Ego is a funny thing… Apparently, I am a member of “The Silent Generation,” those born between 1928-1945. This was a crushing discovery since I automatically and wrongly assumed I was part of the Greatest Generation until I looked it up.
Whoever heard of the Silent Generation? No wonder the boomers never heard us coming. It also turns out the Boomers had most of the great rock bands and agitators. I am so disappointed.
Still, for all the “silence”, some have managed to make their voices heard…through their music, poetry, and advocacy. I think we all know the famous ones. But what about those who work tirelessly behind the scenes to make a difference in our own lives?
One such local individual is Eileen McKenzieSullivan.
Eileen retired as Executive Director of the South Sound Senior Services after 38 years of service. Under her guidance, when Intercity Transit routes were reduced in 2001, Senior Services quickly responded with a Transportation Program to help seniors get to medical appointments, programs, and services.
This was followed by finding funding for elders with developmental disabilities looking for resources after their retirement from assisted employment, to start their Inclusion Program.
As housing needs in the South Sound become a greater issue, Senior Services stepped in again, with their Home Share program, linking seniors with extra space in their homes with home seekers looking to rent a room.
Eileen’s many accomplishments did not go unnoticed, and in 2015, when Leadership Thurston County (LTC) and the Thurston County Chamber Foundation announced the 2015 Distinguished Leader Award honorees. Eileen McKenzie Sullivan, Executive Director, Senior Services for South Sound, was one of the recipients.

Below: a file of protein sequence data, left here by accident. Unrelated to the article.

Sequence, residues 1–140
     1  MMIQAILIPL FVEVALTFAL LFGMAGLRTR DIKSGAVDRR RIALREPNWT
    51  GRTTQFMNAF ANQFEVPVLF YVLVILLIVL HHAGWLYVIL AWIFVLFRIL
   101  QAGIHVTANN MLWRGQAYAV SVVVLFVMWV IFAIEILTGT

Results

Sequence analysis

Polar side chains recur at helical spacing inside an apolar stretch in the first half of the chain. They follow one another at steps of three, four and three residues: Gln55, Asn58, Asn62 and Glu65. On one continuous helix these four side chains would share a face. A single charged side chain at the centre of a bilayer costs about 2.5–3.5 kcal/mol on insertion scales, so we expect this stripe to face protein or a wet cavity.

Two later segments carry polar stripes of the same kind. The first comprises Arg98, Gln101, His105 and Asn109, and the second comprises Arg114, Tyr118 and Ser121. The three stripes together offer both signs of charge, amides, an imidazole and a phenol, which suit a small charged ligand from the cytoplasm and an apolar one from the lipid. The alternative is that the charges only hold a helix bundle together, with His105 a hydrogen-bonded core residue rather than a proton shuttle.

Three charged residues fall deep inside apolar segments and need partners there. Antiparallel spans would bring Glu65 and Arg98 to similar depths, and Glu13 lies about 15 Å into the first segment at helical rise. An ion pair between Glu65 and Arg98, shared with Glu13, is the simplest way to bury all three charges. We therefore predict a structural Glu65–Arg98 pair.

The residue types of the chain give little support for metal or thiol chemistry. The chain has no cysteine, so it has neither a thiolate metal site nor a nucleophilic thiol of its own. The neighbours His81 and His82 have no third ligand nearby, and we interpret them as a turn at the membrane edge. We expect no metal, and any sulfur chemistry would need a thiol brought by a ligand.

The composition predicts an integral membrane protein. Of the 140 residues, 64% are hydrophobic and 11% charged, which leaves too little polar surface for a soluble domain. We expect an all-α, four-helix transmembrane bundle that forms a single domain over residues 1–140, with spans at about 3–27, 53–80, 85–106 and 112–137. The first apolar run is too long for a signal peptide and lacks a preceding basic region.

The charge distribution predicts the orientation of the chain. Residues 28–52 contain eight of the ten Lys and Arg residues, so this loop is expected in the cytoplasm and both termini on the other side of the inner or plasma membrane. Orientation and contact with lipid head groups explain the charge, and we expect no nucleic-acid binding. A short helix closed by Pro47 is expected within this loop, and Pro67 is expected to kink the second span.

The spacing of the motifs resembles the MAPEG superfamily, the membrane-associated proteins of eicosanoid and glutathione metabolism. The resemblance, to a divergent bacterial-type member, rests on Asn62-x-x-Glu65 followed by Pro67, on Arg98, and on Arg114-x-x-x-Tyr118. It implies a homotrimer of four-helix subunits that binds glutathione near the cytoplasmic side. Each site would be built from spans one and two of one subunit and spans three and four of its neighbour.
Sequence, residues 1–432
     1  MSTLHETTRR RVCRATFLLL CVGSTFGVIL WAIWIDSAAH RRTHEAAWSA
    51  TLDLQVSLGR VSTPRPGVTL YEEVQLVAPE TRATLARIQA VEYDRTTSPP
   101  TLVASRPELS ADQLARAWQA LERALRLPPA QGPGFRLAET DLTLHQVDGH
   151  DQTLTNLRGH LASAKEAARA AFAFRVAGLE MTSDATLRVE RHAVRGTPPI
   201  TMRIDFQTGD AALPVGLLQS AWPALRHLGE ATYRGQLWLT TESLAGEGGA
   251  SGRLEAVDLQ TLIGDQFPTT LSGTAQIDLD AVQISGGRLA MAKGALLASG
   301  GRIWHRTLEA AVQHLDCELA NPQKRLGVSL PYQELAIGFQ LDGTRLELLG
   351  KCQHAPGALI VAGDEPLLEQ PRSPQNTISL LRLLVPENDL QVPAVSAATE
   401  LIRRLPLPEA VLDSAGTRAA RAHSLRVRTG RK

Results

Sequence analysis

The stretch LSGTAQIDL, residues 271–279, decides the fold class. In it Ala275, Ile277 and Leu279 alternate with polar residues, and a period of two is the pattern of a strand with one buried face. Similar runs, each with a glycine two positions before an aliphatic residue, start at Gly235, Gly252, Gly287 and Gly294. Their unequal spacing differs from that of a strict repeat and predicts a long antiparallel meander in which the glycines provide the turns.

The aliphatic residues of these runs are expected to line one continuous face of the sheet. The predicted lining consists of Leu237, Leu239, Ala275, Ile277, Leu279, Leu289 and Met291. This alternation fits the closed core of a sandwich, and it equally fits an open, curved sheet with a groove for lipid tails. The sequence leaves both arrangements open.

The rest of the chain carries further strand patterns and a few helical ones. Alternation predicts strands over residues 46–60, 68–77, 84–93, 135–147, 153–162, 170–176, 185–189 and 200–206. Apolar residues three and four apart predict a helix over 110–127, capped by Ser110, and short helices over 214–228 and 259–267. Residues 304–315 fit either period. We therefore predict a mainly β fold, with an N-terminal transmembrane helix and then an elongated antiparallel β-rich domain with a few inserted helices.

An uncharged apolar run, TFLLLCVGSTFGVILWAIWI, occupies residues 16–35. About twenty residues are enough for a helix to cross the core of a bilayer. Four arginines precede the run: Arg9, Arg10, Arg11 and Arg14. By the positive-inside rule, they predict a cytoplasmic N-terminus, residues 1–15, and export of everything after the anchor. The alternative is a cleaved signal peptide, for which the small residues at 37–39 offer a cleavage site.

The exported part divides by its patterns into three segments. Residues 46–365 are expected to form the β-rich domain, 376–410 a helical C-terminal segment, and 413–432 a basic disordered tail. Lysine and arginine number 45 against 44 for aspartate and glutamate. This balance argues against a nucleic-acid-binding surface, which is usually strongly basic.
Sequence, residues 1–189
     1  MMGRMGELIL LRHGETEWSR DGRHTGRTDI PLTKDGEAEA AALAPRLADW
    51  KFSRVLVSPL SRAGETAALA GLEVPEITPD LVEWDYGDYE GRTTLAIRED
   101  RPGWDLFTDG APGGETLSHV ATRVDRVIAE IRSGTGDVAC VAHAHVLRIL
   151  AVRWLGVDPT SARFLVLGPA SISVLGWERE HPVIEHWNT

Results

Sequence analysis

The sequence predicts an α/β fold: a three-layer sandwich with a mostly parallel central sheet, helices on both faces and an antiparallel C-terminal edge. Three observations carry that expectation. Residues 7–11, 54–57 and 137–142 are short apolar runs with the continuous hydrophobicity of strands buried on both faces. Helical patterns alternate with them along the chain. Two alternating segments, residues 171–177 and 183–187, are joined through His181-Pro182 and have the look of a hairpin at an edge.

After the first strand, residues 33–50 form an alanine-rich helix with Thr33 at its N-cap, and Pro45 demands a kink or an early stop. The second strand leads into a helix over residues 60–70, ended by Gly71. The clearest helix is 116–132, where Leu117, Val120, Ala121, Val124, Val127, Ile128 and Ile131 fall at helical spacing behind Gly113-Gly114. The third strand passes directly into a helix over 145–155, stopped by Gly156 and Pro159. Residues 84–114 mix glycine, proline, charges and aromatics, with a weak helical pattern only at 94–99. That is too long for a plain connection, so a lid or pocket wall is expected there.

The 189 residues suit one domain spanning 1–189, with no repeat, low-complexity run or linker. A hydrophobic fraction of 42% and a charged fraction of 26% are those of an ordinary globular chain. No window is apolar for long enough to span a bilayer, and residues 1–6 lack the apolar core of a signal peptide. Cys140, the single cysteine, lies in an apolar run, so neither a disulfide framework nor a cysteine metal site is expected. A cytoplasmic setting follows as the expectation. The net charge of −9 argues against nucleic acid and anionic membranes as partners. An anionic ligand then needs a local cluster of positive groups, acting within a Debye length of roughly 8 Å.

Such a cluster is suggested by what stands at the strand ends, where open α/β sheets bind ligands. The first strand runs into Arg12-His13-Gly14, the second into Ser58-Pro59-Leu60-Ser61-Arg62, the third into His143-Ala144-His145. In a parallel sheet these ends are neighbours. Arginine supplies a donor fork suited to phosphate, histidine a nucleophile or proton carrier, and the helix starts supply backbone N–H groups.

Although Eileen is now retired, she continues volunteering for the Senior Services. Her sons grew up volunteering at Senior Services, so this is still very much a family affair.
After retirement, she continued to serve Senior Services by volunteering her time driving for the Trips and Tours program. “I got my commercial driver’s license so I can do it, and it’s a great way to meet people,” she explained.
Eileen and her husband Bob continue with the Music Mends Mind Group, bringing music to those who suffer from memory loss and find comfort from the live music provided by this group, which includes singing, and a variety of instruments, including violin, autoharp, piano, ukulele, and guitar accompaniment.
During the recent COVID pandemic, she visited patients who had no family. She is still active with the Tenino Young-at-Heart Theater, the Senior Action Network, The Area Agency on Aging Advisory Council and the Washington State Senior Games.
Currently she is working the halls of our state legislators lobbying for senior nutrition. She also served on the advisory board for a startup now known as The JOLT News.
She is an inspiration, a leader who leads by example, and a role model for us all.
“When you retire, you get busy,” she added with a laugh.
She still would like to spend more time in her garden. “It’s a big yard with lots of projects,” if she can find the time. And travel is still on her bucket list.
Most recently, she received an award from the Olympia Host Lions Club. The Melvin Jones Award is named for the gentleman Melvin Jones, Founder of the International Lions Club in 1917 and most definitely a member of the Greatest Generation.
In its 89-year history, Eileen is the first non-Lion to receive this award from The Olympia Host Lions, and we are proud to have been the club to present it to her.
Kathleen Anderson writes this column each week from her home in Olympia. Contact her at kathleen@theJOLTnews.com or post your comment below.
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